Friday, August 8, 2014

Dot Hill, Nvidia analyst conferences

"For every sad fly, there is a happy spider"

Two interesting things happened this week near me.

Dot Hill (HILL) barely met prior guidance for Q2, and investors were hoping a slew of new customers for Dot Hill's advanced storage systems would bring in results well above guidance. The stock took a major hit following the Thursday morning Dot Hill results release and analyst conference (my notes).

The main issue in the quarter was a particular customer, typically Dot Hill's second largest, bought fairly little in the quarter. This customer services large datacenter installations, and revenue variance each quarter is significant. Dot Hill believes the customers orders will resume.

In addition, July bookings have been strong, and 4 customers are likely to release major new Dot Hill based storage systems before the end of the year. Q2 was back-end loaded, so a fair amount of product went out at the end of the quarter that will book revenue in Q3.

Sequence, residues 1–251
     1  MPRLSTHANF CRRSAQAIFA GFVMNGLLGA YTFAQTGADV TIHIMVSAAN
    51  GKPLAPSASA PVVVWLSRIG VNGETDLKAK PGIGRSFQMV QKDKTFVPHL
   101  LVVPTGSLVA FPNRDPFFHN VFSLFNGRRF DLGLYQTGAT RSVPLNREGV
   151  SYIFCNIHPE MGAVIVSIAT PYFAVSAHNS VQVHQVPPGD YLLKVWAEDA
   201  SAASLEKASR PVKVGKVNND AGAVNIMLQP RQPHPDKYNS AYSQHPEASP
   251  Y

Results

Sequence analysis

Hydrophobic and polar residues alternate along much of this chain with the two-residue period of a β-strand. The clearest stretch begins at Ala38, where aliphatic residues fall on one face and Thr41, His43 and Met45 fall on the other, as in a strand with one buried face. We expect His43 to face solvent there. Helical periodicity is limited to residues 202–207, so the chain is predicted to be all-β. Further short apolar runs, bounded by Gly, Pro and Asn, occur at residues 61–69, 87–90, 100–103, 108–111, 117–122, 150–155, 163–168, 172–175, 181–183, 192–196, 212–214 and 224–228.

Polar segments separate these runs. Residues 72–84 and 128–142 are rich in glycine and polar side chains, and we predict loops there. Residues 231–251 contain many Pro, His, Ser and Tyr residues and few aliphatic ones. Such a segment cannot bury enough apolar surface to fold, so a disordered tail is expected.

So what did I do? I bought more HILL yesterday, basically buying back the shares I sold in March for $5.88 per share for just $3.51. Most of my shares I bought long ago for between $1 and $2 per share.

Of course Dot Hill management could be wrong, revenue and profits might not ramp in Q3 and Q4 and on into 2015. But I think it is likely they will, and Dot Hill will be far more valuable by mid 2015 than it is today. However, keep in mind that Dot Hill has disappointed in the past. Being a small-cap data storage provider is a difficult business.

The Nvidia Q2 conference seemed like it would provide no surprises until, near the end, an analyst asked about the bitcoin computing phenomena that had raised rival AMD's results in Q4 and Q1, but then hurt them when demand dropped off in Q2.

CEO Jen-Hsun Huang said why Nvidia GPU's were typically not used for bitcoin mining, or cryptocurrency in general. AMD's GPUs provide more performance per dollar. Mr. Huang argued extensively earlier in the conference (and in prior conferences) that because of its installed base and superior software, Nvidia GeForce GPU's are gamers' favorites. Maybe so, but it appears to be a well known fact in the computational community that if you want a lot of computation for your buck you want to go with AMD. The reality is that certain workloads do better with Nvidia's architecture, and certain workloads do better with AMD. I see this all the time, even within games, with some games getting better benchmarks with AMD, others doing better with Nvidia, assuming the same pricing range.

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